Nevertheless, in late July, the rumors Olson had heard turned true. He watched as bulldozers plowed through four fraternity houses on Adelphi Drive, all of them in need of major renovations, most just to meet safety codes. "That was definitely a wake-up call," he says.
But the bulldozers stopped short of the Phi Psi house, which is now the only remaining frat house on "Old Row." While the Kappa Sigs were forced to move into Adelphi II (the Theta Chis, Delta Tau Deltas and Lambda Chis had already been expelled from campus by their national organizations for behavioral problems or risk management issues), the Phi Psis signed another yearlong lease with the university.
"We can thank our alum for that," Olson says. "We're lucky to have alum that support us and do what it takes for us to maintain our way of life."
Like Jerry Nelson, the founder of national ticket broker Ticketmaster and owner of his own local construction company, and a Phi Psi alum from UCLA who owns a house in north Scottsdale. Back in 1999, when Lattie Coor was still ASU's president, Nelson invested about $800,000 in the Phi Psi house, installing Internet access, bringing the building up to code, and adding another wing to the house with six more rooms. ASU administration says the upgrades were necessary if Phi Psis wanted to stay in the house.
The same year, Nelson also gave a $1 million donation to the university for what he was told would be a "medical research facility" somewhere on campus.
One look inside the Phi Psi house and it's obvious there's still much work to do. It's certainly nothing as pristine as the new Adelphi II dormitory just a few hundred feet to the east, where the Delta Chis, Kappa Sigs, Phi Gamma Deltas (Fijis), Kappa Alphas and Theta Chis now live. Which says to Matt Binzler, the chapter president of the Kappa Sigma fraternity, that the decision to move him and his brothers into Adelphi II had nothing to do with the condition of his now-demolished fraternity house -- and everything to do with money.
"Phi Psi has [Jerry Nelson], who's put in a million-dollar donation, but he made sure that that million dollars had to go to the house," Binzler says. "And if they would have bulldozed the [Phi Psi] house, ASU would have had to give back the donation. [ASU] wasn't willing to do that, so Phi Psi had a lot more ground to [stand] on."
Binzler is ill-informed, ASU administrators say.
Juan Gonzalez, who has been at ASU for about a year after coming over from Georgetown last fall and played a key role in deciding the Kappa Sigs' fate, says he never knew about Nelson's donation to the university. "It didn't have any factor in our decision," he says.
But Nelson, 75, who was reached at his summer house in Cabo San Lucas, tells New Times that if ASU had torn down the Phi Psi house, the university would have risked losing his money. "I would have definitely considered pulling that donation," he says. "I'm not sure what other option I would have had."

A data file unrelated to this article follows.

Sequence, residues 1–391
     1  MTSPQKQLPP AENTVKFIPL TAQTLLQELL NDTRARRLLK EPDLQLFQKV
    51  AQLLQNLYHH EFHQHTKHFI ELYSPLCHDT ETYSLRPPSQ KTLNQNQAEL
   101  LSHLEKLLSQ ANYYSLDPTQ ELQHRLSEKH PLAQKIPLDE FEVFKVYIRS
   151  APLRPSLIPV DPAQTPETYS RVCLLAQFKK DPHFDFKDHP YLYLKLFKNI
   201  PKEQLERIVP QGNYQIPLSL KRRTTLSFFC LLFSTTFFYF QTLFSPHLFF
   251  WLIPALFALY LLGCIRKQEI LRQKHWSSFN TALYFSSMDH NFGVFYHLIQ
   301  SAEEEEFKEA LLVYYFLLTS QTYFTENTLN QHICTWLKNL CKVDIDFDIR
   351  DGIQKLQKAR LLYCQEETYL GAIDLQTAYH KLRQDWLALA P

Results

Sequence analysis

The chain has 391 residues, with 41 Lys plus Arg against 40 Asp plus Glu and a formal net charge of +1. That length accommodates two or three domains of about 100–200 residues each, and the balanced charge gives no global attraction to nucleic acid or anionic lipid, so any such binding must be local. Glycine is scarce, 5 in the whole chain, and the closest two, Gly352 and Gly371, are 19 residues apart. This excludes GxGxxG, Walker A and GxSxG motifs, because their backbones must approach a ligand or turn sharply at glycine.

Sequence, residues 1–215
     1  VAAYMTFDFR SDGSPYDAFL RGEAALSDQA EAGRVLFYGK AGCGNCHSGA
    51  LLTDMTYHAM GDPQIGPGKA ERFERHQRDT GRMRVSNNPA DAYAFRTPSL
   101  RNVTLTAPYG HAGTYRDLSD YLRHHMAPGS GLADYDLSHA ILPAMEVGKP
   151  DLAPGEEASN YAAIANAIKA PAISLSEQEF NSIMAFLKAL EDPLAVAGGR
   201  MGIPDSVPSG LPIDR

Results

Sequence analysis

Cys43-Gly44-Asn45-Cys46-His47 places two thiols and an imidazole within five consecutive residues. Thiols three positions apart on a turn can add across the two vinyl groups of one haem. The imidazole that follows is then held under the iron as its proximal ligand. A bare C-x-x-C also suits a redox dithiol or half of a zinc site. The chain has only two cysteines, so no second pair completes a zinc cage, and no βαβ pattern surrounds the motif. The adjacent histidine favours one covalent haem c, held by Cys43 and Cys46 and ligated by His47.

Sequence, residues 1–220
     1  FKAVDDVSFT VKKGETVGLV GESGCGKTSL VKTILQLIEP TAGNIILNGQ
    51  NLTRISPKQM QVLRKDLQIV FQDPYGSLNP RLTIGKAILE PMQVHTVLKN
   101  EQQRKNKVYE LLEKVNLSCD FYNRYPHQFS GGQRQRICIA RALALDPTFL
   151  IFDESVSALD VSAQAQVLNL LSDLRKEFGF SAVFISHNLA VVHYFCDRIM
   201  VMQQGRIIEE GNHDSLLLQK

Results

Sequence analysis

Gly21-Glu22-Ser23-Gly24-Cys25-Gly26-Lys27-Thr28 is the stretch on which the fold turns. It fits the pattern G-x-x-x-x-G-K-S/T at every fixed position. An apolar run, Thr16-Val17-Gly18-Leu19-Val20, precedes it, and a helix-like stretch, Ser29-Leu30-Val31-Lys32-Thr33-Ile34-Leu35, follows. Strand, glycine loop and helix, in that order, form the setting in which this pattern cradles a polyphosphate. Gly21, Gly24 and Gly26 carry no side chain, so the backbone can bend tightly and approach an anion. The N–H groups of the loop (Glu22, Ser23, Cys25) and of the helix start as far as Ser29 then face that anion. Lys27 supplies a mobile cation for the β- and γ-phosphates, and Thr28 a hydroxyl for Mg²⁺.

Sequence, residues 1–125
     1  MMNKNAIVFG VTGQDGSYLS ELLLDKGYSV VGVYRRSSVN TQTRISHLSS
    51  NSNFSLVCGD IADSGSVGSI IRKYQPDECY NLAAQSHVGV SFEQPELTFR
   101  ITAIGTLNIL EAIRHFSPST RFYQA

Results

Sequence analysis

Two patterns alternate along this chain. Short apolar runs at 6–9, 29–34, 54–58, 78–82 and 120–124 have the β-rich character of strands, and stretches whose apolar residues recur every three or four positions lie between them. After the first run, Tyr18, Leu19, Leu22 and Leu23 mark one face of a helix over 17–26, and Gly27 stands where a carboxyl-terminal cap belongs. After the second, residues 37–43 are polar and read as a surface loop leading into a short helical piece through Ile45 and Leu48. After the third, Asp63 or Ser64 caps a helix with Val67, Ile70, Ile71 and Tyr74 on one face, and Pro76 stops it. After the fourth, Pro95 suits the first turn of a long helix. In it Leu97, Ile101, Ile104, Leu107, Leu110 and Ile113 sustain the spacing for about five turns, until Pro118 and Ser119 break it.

Alpha Drive fraternities still enjoy the good life compared to those in Adelphi II, and even the Phi Psis. While the Phi Psis do live in a house as opposed to a dorm, they still answer to the ASU administration when it comes to alcohol policies based on their lease agreement: for example, no open containers in what are referred to as "common areas," including the backyard and the game room. That makes it difficult to have social functions at the Phi Psi house involving alcohol -- without getting caught. At Adelphi II, it's even more ill-advised to have alcohol on hand, where having open containers can get you kicked out of the dorm, or worse, the entire fraternity expelled from living there -- even if the person drinking is 21.
But on Alpha Drive, the frats still control their own drinking policies, or at least their national headquarters do. Most have parties frequently, albeit with strict guidelines: A guest list must be turned in to the Greek Life advisers at ASU 24 hours in advance; bartenders card guests at the door; and parties must be separated into drinking and non-drinking areas. Still, someone is rarely watching.
"Without a doubt, they have an advantage on Alpha Drive," Binzler says, referring to recruiting new members. "They're able to throw parties. They're able to do all that legally. If we did that, we'd run a real risk of being kicked off, which sucks."
Several fraternity members, including Binzler, Villicana, and others who asked not to be identified, say they believe that the fraternities have been set up by the administration's policies regarding alcohol. As strict as the drinking policy is at Adelphi II, Binzler and Villicana say it's inevitable that someone will be busted.